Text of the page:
My sister raised a new batch of hens this past September and I was with her and my nephew when they picked out new chicks. We brought them home and noticed one of the baby chicks had a slightly crooked beak – like millimeters off. It didn’t seem like a big deal… at the time anyway.
Weeks went by and the crooked beak became much worse. We would talk over the phone and she would describe how the hen couldn’t eat very well. She had been talking with a woman about possibly trimming the beak back, which is more successful when the crookedness is slight.
This poor chicken looked like a freak of nature, honestly. When I saw her, it took my brain a minute to register the deformity of her beak. I have never seen anything like it.
My sister contemplated killing the chicken for several weeks and reluctantly called me over to do the deed. It became clear the hen was going to die of malnourishment at some point, which seemed a lot more inhumane. When I picked up the hen, her eyes were already closed over and I was surprised at how little she weighted compared to her flock mates.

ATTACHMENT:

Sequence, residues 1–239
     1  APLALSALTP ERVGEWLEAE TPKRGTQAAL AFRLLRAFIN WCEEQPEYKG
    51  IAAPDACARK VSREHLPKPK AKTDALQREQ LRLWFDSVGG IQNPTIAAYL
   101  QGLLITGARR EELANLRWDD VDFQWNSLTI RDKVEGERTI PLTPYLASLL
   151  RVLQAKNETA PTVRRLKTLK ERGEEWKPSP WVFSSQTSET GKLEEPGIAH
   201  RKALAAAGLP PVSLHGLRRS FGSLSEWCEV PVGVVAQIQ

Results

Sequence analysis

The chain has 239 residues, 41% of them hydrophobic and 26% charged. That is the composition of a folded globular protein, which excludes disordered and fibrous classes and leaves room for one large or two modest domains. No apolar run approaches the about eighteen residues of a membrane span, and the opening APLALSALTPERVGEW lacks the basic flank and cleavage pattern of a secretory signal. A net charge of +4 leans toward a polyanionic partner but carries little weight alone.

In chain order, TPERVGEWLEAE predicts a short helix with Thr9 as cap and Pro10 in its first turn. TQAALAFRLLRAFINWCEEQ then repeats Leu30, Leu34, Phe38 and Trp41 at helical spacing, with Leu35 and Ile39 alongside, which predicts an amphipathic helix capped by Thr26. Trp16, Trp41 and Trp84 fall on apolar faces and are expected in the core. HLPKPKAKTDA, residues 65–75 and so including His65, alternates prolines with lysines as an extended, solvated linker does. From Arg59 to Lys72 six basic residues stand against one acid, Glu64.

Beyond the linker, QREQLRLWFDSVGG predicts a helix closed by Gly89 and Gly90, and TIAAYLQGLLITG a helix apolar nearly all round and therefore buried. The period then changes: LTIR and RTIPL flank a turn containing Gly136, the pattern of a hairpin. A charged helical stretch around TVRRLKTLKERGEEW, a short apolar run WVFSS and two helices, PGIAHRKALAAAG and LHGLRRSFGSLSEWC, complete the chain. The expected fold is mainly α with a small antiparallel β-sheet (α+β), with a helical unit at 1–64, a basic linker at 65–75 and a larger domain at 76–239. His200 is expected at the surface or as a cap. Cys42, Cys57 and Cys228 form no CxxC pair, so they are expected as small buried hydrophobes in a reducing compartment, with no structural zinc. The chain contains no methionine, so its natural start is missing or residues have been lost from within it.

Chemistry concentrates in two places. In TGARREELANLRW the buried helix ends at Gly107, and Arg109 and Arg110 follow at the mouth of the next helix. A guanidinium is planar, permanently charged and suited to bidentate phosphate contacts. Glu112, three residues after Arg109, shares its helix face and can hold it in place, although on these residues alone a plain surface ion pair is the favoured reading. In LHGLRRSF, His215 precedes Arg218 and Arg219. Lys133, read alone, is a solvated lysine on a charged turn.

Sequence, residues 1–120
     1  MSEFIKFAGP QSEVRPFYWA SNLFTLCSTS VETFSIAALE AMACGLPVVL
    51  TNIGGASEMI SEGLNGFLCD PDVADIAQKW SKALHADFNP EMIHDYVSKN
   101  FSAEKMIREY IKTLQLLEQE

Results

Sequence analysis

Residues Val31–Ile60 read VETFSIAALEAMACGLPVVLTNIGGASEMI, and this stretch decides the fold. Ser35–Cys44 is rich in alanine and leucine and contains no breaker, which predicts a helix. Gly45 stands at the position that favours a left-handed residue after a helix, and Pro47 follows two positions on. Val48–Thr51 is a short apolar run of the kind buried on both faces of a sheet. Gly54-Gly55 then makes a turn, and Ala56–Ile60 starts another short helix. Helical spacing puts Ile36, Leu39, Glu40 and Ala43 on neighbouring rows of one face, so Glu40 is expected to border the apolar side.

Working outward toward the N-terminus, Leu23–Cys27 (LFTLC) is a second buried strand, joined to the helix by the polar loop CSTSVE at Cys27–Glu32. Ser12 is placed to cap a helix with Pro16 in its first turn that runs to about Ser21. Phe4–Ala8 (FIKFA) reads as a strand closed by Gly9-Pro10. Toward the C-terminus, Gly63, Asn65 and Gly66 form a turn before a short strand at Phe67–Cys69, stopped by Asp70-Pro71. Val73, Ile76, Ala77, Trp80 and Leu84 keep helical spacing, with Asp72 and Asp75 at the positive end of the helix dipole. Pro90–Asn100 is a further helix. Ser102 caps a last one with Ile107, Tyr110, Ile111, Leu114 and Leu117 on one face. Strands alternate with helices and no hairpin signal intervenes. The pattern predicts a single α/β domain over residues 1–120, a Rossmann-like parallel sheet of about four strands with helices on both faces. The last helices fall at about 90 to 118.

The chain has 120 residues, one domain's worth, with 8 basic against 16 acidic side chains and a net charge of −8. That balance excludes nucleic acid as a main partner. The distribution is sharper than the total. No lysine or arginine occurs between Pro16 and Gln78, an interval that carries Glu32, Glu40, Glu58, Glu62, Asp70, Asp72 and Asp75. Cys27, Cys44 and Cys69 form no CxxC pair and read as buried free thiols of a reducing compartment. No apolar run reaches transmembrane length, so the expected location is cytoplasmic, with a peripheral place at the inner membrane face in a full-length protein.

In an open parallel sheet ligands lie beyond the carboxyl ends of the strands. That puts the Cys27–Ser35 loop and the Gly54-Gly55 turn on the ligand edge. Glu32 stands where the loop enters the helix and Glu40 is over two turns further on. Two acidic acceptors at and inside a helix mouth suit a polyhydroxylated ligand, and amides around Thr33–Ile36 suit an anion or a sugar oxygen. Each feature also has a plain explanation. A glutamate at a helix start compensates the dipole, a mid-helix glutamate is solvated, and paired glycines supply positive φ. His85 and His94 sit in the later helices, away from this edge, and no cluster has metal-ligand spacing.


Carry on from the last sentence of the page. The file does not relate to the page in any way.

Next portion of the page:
Jay and I took her around the corner of the house (so the other hens wouldn’t see, which I know is kind of stupid, but I do it anyway). We slowly turned her upside down so she would become disoriented and somewhat pass out. I then cut her throat. In my experience, chickens pass out pretty quickly as the blood drains. They are essentially asleep as their body kicks a bit before the life is gone.
It was weird to process this hen though because she was already so weak and frail. Her body didn’t kick at all, making it difficult to determine whether she was even dead. In hindsight, I think she went just as quickly as others. But it was a sad butchering because she was in such a bad state.
I’m glad she’s out of her misery. And I have learned, yet again, how important it is to look for the best, most robustly healthy chicks. My sister’s flock now consists of a Naked-Neck (very funny looking!), a Plymouth Rock, and a White Leghorn.